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Weed Control in Home Lawns

Weed control in lawns begins with a healthy, vigorous, dense stand of turf. Healthy turf aids weed control by growing to fill bare areas, shading the soil surface, and shading newly emerged weeds. Without sunlight, many new weeds cannot survive. A healthy, lush, green stand of turf, free from weeds, is pleasing to look at and can bring a sense of satisfaction and accomplishment to the homeowner.

Here are some examples of how you can reduce and prevent the growth of weeds in your lawn:
  • Use soil tests to keep the pH in the proper range.
  • Add fertilizer at rates recommended on the soil test report to encourage rapid turf growth. Too much fertilizer, however, particularly nitrogen, is detrimental to the turf stand.
  • Irrigate during periods of limited rainfall to relieve stress and encourage growth. Apply large volumes of water periodically rather than brief, frequent waterings to encourage deep rooting.
  • Excessive water can stress turf and increase weed growth. Virginia buttonweed, for example, thrives in wet areas and is particularly difficult to control with herbicides. Use preventive measures to reduce the potential for invasion of this weed in turf. Build up low areas to avoid "ponding" or standing water.
  • Insects and diseases can stress and kill turf. Control these pests to avoid potential damage to the turf.
  • Mowing can stress turf if too much vegetation is removed by the clipping process. Set your mower to remove less than one-third of the vegetation to avoid "scalping".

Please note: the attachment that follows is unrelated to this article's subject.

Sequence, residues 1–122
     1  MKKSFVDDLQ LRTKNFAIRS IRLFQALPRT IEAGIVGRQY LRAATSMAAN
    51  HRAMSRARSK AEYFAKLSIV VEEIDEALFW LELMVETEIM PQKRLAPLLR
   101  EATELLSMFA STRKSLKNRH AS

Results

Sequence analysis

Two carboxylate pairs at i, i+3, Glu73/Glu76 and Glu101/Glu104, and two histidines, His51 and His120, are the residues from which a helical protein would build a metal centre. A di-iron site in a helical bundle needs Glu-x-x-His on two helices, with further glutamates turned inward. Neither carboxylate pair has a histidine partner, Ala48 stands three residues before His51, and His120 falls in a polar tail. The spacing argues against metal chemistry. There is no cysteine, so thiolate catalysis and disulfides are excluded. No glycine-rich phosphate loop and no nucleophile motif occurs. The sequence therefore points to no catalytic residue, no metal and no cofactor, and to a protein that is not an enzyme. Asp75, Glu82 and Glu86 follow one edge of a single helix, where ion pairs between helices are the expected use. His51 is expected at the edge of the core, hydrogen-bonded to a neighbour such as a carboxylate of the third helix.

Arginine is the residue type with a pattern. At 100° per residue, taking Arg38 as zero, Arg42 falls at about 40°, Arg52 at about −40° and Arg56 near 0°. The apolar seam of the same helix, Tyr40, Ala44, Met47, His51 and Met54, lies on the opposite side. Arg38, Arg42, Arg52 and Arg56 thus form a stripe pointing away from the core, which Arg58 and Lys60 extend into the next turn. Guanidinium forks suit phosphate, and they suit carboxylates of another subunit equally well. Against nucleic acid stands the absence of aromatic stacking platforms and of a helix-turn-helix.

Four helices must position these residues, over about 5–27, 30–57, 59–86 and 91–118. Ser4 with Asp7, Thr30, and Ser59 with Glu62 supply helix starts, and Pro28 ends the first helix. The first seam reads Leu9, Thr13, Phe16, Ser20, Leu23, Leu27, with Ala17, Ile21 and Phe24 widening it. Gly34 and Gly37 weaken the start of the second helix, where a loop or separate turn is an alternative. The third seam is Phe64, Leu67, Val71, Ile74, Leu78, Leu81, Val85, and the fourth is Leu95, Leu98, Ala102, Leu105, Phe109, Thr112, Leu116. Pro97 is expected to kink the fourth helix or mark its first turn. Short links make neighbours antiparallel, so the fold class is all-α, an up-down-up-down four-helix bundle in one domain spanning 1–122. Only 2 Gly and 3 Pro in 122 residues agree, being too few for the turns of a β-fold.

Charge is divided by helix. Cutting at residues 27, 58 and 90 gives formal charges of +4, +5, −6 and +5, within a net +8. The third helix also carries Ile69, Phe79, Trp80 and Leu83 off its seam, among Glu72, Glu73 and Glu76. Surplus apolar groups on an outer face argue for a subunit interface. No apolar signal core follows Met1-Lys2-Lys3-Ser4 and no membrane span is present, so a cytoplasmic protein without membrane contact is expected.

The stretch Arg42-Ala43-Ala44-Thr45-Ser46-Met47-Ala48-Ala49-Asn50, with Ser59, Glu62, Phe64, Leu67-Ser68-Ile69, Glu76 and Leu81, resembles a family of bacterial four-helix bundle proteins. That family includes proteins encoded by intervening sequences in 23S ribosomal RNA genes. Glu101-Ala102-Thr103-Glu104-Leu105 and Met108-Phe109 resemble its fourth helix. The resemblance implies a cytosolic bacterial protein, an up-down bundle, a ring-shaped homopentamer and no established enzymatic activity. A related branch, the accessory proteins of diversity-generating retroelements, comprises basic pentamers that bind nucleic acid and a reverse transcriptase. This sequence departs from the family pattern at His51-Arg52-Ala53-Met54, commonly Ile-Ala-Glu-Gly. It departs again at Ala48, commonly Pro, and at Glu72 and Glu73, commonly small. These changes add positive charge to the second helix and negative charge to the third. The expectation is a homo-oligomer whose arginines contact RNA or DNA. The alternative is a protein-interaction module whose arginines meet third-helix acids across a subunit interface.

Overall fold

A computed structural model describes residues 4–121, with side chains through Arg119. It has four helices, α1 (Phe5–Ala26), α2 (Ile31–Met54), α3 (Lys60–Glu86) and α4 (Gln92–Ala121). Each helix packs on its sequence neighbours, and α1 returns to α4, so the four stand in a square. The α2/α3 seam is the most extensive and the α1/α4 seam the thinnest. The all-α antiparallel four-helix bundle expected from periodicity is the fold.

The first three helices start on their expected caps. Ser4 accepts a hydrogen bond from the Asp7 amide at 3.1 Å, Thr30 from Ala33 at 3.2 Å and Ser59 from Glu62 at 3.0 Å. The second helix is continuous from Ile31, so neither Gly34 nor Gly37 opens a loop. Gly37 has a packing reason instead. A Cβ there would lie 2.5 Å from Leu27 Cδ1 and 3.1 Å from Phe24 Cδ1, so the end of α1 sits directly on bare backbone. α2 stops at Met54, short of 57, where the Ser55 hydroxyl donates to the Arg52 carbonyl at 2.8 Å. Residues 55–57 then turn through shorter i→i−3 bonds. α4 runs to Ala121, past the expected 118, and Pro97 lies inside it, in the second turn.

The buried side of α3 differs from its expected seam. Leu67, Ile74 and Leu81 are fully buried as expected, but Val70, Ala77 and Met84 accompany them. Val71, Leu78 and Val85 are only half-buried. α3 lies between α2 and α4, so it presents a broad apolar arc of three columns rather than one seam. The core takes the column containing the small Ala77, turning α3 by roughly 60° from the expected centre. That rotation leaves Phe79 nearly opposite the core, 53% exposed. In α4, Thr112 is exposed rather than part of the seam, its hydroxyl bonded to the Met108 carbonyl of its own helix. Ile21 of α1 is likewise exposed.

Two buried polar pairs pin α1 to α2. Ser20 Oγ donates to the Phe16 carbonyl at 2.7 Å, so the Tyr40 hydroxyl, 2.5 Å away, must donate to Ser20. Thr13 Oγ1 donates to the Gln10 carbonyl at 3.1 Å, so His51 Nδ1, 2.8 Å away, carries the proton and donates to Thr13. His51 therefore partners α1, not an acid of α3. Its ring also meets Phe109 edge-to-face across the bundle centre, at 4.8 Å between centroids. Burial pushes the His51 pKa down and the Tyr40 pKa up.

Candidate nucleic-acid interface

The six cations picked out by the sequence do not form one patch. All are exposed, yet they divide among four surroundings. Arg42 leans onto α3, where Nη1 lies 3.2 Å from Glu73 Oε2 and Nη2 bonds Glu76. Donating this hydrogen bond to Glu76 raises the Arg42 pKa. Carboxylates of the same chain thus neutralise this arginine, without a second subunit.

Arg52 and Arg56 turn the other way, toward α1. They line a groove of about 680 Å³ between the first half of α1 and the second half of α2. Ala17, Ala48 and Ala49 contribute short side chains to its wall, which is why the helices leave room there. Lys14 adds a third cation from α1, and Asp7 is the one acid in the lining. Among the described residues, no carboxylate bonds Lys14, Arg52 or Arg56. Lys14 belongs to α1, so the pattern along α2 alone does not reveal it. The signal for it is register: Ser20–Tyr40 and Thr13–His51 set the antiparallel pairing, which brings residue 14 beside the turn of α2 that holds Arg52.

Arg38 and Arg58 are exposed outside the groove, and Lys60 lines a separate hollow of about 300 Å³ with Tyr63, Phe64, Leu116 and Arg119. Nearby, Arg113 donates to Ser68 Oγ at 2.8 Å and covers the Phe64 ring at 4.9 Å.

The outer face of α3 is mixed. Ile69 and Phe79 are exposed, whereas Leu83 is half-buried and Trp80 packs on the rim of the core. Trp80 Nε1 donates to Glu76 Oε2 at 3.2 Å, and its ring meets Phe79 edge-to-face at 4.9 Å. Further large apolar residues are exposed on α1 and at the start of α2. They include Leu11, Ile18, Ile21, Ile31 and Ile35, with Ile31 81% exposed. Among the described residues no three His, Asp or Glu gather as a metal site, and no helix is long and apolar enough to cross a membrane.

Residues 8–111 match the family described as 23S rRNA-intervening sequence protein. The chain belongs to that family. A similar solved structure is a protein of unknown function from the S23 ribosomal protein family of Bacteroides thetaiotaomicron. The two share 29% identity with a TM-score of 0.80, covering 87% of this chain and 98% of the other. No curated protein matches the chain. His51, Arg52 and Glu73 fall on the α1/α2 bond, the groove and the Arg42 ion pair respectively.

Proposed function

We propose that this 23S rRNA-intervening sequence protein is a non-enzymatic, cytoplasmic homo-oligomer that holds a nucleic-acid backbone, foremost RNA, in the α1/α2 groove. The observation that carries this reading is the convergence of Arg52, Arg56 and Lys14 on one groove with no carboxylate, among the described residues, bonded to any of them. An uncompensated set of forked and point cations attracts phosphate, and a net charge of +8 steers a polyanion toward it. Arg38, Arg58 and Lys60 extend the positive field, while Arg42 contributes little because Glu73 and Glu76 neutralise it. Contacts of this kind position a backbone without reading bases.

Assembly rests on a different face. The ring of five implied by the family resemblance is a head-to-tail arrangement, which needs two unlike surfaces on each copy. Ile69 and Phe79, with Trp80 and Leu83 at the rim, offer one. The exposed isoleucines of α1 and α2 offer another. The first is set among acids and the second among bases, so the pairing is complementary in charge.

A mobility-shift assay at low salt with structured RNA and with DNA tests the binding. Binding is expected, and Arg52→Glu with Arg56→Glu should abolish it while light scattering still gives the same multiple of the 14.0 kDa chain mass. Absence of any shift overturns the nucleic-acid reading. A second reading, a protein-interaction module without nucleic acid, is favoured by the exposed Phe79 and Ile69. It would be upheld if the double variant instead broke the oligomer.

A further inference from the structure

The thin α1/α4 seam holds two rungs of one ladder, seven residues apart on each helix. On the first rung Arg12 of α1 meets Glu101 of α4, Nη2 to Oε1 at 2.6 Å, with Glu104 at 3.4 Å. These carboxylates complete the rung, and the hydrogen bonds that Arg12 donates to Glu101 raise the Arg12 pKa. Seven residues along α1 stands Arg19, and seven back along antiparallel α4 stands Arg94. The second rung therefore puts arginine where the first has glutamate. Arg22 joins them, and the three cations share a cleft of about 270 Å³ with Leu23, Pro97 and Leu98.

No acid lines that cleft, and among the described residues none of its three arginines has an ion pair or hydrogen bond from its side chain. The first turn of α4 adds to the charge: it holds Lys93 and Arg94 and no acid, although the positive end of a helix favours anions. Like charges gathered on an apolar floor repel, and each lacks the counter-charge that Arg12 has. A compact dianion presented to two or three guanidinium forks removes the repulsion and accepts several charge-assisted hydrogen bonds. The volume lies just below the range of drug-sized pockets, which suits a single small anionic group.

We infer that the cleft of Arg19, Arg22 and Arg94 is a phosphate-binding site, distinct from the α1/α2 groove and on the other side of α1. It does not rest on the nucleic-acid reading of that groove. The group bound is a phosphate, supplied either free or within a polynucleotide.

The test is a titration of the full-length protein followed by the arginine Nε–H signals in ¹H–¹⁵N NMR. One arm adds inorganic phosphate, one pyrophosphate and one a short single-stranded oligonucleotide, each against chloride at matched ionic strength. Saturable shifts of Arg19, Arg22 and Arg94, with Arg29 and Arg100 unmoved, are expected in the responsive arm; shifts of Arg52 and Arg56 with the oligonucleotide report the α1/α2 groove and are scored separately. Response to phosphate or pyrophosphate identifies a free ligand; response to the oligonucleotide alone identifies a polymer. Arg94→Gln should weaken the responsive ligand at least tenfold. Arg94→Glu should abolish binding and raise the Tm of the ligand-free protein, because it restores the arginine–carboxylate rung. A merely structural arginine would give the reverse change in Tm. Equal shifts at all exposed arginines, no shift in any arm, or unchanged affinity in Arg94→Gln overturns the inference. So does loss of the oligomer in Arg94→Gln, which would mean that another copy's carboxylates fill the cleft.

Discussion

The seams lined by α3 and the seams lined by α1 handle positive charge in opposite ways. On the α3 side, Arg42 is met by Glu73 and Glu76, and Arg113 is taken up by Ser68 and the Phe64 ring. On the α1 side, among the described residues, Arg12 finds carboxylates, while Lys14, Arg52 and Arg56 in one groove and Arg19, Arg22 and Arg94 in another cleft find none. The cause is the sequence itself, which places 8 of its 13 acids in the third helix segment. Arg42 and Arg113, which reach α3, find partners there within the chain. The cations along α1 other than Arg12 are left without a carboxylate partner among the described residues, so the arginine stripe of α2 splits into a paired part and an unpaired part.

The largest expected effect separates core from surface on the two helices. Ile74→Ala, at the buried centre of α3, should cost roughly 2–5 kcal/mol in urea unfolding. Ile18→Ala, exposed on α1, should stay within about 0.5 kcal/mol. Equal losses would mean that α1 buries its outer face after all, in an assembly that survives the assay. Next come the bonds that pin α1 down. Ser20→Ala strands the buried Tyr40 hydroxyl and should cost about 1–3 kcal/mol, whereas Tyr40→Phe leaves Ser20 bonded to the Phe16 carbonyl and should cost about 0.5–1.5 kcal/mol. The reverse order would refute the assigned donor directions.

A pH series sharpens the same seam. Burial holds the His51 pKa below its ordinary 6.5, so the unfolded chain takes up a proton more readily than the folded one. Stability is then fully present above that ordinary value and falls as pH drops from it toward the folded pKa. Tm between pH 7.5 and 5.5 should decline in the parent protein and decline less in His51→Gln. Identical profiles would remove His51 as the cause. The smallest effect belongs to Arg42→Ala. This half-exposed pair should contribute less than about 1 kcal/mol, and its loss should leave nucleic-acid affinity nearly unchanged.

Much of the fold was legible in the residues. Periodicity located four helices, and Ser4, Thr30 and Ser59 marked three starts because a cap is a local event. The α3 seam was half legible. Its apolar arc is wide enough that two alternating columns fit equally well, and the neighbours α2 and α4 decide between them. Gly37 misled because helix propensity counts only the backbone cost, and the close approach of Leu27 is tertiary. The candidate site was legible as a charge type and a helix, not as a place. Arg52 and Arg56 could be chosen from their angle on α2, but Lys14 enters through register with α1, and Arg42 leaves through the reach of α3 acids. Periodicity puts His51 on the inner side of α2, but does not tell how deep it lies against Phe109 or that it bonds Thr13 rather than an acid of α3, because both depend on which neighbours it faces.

• Bare soil is a prime area for weed invasion. Bare areas can either be reseeded, plugged, or left for adjacent grass to grow into. Cover reseeded areas with mulch, such as grain straw, until the area is filled with turf.
  • Eliminate weeds early in the growing season, before they develop a spreading root system or set seeds.
  • Prevent weeds from entering the garden by avoiding the use of fresh manure.
  • Cultivate on a sunny, warm day so weeds that have been pulled or tilled will dry out and die.
  • Apply an adequate layer of mulch to prevent seedling weed emergence.
  • Remove weed clippings from the property if there is a chance that seeds have been set.
Using these methods can help control weeds, but regardless of how well you follow good production practices, weed seeds will germinate and seedlings will emerge. Often times herbicides are the next resort for homeowners. The disadvantages of using these are:
  • They are expensive.
  • They are difficult to apply with accuracy.
  • Drifting or leaching may occur and damage desirable plants.
  • Proper storage and handling may be a problem.
  • Many herbicides are labeled for specific crops and are not suitable for a garden with a wide variety of crops.
There are many different species of weeds that grow in turf. To properly eliminate these with an herbicide, it is recommended that you take clippings of as many different weeds in your lawn as possible and bring them to your local Home & Garden Center to have them identified and purchase the proper herbicide to kill them.

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